If the petrol engine doesn’t fire up until the battery has discharged by a predetermined amount, isn’t that a ‘series’ hybrid or am I misunderstanding this? I confess that I’m no expert in hybrid systems.

    3. The Bolt/Ampera’s official type description is EREV = extended range electric vehicle.
      It is able to run on electric energy alone and when the battery gets empty it switches into a serial hybrid mode because then the combustion engine drives a generator which in turn charges the battery. In case of high power requirements the combustion engine is coupled into the drive train directly, making it a parallel hybrid like the Prius.

    4. Good morning Dave and thanks for that explanation, much appreciated.

    5. Now that I’ve actually returned to my computer, it looks like Wikipedia and other commenters have already said most of what there is to be said on this topic, but I would encourage everyone to look at the illustration which (clumsily) linked to my name with my earlier comment.

      Maybe I should give GM some credit for the “series mode” described by Wikipedia as quoted above (because the Volt can if I’m not mistaken, de-clutch the engine+generator from the rest of the drivetrain), but keep in mind that a Prius (unlike the less sophisticated Honda Insight hybrid that debuted the same year) is also entirely capable of running on battery alone (with performance limitations) until the battery voltage has dropped to a certain threshold–that’s part of the genius of its clever planetary transmission–and no one tries to call it a series hybrid or “extended range electric vehicle.” If the industry had wanted to carve out a new definition (“sequential hybrid?”) for such vehicles, separating them from the simplest of parallel hybrids (which merely have a motor/generator bolted on the end of the crankshaft), the Prius’s 1998 debut would have been the time to make that distinction. Allowing GM’s marketing department to get away with drawing such a distinction a decade+ later, in a way that dishonestly makes the Bolt drivetrain seem unique (despite borrowing very, very heavily from Toyota–see again the illustration linked from my earlier comment) always seemed to me like a dereliction of duty by the world’s journalists.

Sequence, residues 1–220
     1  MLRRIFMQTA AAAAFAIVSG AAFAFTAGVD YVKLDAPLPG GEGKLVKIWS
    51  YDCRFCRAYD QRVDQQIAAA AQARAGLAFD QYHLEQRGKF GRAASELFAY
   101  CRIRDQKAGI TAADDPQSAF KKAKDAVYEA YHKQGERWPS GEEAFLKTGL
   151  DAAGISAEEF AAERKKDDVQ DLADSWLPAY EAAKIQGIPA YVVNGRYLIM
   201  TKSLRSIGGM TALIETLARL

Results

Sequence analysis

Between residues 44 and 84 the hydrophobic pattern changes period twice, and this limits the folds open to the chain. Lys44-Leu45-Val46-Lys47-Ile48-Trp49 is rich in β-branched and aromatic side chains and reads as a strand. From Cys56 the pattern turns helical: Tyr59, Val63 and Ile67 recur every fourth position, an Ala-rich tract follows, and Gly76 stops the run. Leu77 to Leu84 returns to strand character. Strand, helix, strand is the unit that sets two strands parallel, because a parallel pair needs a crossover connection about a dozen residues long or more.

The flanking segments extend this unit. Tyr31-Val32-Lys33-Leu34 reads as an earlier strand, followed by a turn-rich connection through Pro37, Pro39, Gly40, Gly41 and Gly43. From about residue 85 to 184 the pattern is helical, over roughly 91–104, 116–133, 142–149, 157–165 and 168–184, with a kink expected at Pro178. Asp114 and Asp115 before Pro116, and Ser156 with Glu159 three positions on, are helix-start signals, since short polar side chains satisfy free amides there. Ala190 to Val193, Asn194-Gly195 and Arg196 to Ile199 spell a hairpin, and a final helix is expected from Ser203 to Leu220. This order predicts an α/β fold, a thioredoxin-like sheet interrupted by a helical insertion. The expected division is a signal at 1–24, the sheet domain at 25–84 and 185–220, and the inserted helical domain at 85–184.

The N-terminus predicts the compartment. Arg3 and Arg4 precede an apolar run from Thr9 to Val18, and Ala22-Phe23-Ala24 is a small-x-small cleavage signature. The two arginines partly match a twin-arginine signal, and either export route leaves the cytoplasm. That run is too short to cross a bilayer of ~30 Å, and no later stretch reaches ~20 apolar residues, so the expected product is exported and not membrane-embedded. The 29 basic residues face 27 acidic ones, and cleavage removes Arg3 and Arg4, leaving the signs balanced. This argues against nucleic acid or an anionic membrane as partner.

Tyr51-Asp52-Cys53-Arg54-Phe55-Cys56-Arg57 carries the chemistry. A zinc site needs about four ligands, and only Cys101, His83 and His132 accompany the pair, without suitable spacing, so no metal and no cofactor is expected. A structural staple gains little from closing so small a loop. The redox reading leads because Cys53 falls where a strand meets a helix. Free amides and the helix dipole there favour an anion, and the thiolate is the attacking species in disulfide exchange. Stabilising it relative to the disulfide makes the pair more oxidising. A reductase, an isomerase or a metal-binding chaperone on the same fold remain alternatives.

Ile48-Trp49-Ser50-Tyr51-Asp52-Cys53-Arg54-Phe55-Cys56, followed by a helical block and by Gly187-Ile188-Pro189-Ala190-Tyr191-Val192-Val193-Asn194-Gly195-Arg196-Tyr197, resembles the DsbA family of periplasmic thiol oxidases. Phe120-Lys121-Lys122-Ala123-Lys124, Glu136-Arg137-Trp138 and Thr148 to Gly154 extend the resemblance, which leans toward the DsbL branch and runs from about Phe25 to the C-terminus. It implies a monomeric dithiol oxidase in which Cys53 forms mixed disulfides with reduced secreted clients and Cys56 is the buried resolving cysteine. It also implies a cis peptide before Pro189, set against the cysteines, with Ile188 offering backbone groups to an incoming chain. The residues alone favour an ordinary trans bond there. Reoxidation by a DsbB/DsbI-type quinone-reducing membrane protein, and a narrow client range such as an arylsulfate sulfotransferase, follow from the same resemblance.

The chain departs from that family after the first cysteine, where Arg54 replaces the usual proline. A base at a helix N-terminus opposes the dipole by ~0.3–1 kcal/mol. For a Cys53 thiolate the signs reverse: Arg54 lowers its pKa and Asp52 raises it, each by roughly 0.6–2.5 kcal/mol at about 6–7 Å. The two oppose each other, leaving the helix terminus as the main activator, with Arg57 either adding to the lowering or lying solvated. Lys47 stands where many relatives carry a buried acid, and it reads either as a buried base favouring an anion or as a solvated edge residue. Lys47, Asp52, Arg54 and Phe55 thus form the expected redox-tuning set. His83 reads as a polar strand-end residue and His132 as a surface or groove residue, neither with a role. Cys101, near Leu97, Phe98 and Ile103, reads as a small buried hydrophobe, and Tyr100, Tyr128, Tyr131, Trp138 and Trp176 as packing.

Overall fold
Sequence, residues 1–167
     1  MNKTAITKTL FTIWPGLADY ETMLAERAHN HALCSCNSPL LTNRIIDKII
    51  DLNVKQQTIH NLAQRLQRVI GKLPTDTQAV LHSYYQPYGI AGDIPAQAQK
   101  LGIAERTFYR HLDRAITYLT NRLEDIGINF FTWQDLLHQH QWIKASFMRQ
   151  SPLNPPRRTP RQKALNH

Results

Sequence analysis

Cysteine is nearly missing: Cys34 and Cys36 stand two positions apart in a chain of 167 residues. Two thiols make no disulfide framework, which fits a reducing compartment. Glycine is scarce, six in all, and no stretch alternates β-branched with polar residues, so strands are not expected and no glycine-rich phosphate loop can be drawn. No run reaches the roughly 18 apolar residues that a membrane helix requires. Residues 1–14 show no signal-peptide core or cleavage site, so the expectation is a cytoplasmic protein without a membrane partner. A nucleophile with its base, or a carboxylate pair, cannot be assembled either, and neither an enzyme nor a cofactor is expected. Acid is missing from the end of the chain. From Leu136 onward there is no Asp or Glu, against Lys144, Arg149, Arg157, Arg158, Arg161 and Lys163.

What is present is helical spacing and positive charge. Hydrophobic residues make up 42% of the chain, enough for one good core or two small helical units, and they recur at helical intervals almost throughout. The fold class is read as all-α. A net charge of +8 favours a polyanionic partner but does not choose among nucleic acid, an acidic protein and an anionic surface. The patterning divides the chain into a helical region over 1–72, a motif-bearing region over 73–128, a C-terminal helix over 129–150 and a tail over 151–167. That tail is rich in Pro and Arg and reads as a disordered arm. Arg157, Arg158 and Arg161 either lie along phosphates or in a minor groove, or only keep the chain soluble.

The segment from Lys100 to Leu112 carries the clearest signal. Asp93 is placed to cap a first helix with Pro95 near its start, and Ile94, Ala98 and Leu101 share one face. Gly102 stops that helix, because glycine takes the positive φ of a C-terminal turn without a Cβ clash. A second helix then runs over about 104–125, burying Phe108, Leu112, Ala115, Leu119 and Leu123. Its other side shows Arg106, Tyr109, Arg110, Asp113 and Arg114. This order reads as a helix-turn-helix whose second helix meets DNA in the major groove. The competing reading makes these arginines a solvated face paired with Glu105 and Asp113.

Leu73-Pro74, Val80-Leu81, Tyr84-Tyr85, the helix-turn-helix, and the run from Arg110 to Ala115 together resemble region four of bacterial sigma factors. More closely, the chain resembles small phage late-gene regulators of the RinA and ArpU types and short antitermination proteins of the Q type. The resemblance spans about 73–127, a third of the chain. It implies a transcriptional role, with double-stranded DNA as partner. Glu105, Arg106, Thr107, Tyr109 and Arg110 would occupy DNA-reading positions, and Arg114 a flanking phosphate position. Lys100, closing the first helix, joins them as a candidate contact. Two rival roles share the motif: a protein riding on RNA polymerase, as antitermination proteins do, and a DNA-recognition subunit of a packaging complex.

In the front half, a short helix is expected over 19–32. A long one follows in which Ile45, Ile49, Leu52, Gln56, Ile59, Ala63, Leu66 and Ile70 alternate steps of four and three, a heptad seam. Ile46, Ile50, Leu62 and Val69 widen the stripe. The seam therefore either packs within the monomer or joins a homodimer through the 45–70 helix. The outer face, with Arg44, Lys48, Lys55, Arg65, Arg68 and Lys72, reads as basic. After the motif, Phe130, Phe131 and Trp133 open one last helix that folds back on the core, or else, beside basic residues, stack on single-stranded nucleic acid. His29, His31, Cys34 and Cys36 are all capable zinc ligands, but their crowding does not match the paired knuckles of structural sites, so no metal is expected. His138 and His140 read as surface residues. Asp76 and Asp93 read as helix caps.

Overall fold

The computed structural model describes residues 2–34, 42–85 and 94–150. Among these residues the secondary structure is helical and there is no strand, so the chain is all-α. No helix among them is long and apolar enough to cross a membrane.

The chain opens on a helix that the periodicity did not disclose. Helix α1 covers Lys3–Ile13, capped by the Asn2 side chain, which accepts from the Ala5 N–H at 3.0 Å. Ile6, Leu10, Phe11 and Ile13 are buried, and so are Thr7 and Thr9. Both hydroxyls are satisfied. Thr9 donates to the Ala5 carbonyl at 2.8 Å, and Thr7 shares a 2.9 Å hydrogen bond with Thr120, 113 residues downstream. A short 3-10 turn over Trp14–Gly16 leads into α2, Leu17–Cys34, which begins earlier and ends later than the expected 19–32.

For what it’s worth, I don’t like characterizing the Bolt as an “extended range electric vehicle” because, in strict engineering terms, that implies a straightforward series hybrid, like what you get when you order a BMW i3 with the optional petrol engine. Maybe they can get away with calling it an “extended range electric vehicle” to get some tax benefits from the US government but, in my view, that’s just as fundamentally dishonest as when, in the ’90s, they certified their MPVs with the US gov’t as “light trucks” so they could avoid installing 3-point seatbelts in the rear seats (while marketing those vehicles to motorists with the express purpose of putting their children in those seats).

      Bottom line: In my professional opinion (no, I design airplanes for a living, not cars, but I like to think that maintaining a mechanical engineer’s license in my state of residence allows me to say that), anything that’s capable of simultaneously coupling two disparate motors (i.e. different energy sources), mechanically, to the driven wheels, is, by definition a parallel hybrid, regardless of what else it can do in various modes of operation.

  4. Joe in the interest of correctness I assume your mention of Bolt on two occasions should really be a reference to the Volt.
    Having owned all four types it’s been an interesting progression from the emphasis on ice with electric assist for fuel efficiency ( Gen 1 Insight,Prius ) to an Ampera then an i3 with extender promoting full electric with a “crutch” which in the BMW I never seem to use.
    Now that we have 300 mile electrics one of these will eventually replace the i3 however thinking logically as at present I rarely use the back up the extra range will be overkill.
    This quest began by trying to make petrol cars more efficient yet has progressed to full electric in less than a decade. While I have great respect for Toyota’s gen 2 Prius and it’s elegant solutions in the drive train to achieve fuel efficiency I think they have been left behind by not emphasising full electric.

    1. Well, that’s embarrassing. You’re quite right; all such references above should have read “Volt.” I must have been multitasking or hadn’t had my coffee yet!